If you ever have been unemployed, then found a new job, chances are you were overjoyed. Perhaps that meant you could stop receiving government benefits and get back on your own two feet. In all likelihood, the only reward you expected was a paycheck.
What if, after three months on the job, you received a $100 check from the state? And what if, after six months, you got another $500?
You'd probably be very surprised.
That very thing is happening in Northwest Ohio. There, the Allen County Job and Family Services agency is rewarding people for not quitting their jobs.
Through a special pilot program, the state can reward some agencies working to help people find jobs. They receive $1,000 for each person they place in a job, then another $1,500 if the new worker is still employed after three months. Another $1,000 can be doled out at the six-month mark.
Allen County JFS officials decided to use some of the money to reward clients who stick with their jobs. They get the $100 and $500 checks mentioned above.
A JFS official explained the money "could be an additional incentive" for those formerly receiving public assistance to make successes of themselves. It also may be an incentive for those who get jobs to refrain from quitting them and attempting to get back on the public dole (though one wonders how the DFS will react if some of its clients collect their $500 six-month incentives - then quit).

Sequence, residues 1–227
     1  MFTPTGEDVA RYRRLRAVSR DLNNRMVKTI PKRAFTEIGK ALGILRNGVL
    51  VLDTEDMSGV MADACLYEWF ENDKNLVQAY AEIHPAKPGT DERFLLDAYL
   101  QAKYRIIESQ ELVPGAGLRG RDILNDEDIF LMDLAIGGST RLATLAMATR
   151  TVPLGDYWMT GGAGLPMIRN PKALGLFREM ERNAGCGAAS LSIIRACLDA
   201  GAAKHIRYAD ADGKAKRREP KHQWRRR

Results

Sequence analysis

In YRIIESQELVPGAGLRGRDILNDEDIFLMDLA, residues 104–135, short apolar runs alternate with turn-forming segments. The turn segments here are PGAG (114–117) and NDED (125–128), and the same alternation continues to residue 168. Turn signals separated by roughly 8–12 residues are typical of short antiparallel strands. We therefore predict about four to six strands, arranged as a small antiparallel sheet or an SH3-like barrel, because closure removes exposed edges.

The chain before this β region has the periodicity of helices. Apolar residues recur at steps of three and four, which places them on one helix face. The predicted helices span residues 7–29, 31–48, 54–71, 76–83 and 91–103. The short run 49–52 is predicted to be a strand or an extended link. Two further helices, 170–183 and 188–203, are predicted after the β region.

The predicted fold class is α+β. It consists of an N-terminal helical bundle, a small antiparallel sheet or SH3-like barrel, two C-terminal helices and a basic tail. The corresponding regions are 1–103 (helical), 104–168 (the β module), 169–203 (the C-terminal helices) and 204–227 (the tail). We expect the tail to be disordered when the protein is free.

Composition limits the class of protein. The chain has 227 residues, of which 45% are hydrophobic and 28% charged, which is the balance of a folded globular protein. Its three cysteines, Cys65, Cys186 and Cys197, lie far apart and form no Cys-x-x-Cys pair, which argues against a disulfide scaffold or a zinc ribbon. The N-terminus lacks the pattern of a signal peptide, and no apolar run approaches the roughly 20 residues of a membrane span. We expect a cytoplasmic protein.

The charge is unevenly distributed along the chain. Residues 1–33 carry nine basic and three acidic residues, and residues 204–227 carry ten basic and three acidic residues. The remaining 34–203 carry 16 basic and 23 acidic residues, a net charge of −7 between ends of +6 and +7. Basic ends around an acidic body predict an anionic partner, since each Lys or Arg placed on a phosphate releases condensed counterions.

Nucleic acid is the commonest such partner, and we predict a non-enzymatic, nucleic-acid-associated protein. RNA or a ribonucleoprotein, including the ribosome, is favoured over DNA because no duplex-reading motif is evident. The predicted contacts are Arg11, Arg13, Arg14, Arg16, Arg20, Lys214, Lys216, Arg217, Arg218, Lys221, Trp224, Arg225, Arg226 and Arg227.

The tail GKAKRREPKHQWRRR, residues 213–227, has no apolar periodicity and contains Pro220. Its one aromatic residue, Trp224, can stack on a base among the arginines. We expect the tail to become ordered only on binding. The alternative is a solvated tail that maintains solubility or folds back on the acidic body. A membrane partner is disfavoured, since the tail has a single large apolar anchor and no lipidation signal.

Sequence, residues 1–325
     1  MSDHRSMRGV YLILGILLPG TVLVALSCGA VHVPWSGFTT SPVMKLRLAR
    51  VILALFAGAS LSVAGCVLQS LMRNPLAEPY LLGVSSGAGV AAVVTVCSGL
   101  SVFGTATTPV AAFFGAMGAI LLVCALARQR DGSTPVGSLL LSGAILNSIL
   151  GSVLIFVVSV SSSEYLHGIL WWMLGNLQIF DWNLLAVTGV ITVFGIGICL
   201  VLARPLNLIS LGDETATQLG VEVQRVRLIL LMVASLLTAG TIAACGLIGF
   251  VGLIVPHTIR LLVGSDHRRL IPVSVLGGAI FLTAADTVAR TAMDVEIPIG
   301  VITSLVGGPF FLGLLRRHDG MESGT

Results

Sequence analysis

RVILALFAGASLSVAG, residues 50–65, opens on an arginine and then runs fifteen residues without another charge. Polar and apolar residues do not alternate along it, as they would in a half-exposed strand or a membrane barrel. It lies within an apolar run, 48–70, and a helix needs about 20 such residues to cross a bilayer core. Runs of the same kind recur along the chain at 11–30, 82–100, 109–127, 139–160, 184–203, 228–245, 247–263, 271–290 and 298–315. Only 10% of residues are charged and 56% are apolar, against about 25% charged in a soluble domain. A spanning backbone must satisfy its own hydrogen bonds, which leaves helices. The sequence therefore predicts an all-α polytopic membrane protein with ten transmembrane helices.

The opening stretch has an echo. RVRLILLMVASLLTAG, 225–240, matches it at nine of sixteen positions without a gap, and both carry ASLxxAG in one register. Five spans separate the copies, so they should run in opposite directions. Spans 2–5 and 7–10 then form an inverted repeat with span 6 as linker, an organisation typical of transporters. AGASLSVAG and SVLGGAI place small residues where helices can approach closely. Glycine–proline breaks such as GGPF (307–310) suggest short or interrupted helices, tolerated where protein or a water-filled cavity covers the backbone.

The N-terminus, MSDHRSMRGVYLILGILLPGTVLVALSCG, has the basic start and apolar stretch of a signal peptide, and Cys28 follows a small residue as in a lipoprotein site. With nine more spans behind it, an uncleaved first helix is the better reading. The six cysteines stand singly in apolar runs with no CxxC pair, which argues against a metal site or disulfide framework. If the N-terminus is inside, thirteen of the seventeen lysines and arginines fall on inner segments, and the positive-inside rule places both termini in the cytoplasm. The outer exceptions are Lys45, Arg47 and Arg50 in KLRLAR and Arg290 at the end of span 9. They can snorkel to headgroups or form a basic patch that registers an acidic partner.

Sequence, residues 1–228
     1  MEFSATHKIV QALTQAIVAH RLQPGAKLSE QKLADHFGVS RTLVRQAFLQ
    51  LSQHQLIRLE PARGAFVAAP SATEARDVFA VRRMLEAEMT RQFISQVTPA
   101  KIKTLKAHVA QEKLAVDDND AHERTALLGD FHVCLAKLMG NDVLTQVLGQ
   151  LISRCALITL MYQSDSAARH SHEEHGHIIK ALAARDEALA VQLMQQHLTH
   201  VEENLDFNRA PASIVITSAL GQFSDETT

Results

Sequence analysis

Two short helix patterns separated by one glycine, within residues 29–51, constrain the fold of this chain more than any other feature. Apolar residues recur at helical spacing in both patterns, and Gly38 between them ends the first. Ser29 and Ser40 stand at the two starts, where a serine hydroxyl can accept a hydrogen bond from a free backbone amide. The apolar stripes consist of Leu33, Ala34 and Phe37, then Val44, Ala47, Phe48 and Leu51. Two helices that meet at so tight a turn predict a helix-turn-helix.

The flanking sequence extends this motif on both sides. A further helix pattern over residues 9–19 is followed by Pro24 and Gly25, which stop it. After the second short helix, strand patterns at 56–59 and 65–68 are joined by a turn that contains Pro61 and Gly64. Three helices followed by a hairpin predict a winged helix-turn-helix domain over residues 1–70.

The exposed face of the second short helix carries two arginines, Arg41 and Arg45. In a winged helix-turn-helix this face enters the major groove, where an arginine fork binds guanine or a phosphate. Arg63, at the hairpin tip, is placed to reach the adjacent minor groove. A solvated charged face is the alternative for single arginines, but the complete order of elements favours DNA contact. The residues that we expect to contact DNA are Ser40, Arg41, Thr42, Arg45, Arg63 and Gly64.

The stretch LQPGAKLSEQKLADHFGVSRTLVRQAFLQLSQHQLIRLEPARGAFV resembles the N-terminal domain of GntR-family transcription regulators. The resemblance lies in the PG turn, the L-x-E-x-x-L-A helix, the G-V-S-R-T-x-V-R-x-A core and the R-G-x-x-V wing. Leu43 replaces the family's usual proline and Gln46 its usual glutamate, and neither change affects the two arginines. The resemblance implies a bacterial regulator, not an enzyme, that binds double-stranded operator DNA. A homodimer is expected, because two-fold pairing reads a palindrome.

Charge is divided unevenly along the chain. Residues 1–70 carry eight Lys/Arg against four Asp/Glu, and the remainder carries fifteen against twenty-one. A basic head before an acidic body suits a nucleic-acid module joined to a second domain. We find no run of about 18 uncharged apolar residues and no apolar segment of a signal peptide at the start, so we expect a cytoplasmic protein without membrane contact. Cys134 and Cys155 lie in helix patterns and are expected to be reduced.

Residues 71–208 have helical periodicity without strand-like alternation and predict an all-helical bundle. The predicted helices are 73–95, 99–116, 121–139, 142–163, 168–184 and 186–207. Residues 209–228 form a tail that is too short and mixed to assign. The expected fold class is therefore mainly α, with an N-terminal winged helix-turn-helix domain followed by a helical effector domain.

No doubt the $600 in state payments is appreciated by those who collect the money. And for many, especially those in minimum-wage jobs, the cash probably comes in handy.
But the money probably would be a big help to hundreds of thousands of other minimum-wage employees in Ohio - people who work hard for their paychecks, perhaps relying on programs such as food stamps to make ends meet. In their minds, the reward for staying on the job is continuing to receive paychecks.
People who need help ought to receive it, to the extent of our society to provide aid. That includes folks who get jobs then, through no fault of their own, lose them within a few months.
But those who have been helped to get back on their feet should not require incentives to keep walking.
Surely the state has better uses for the incentive money - providing job training for the unemployed and unskilled, maybe? State officials should take another look at programs such as that in Allen County.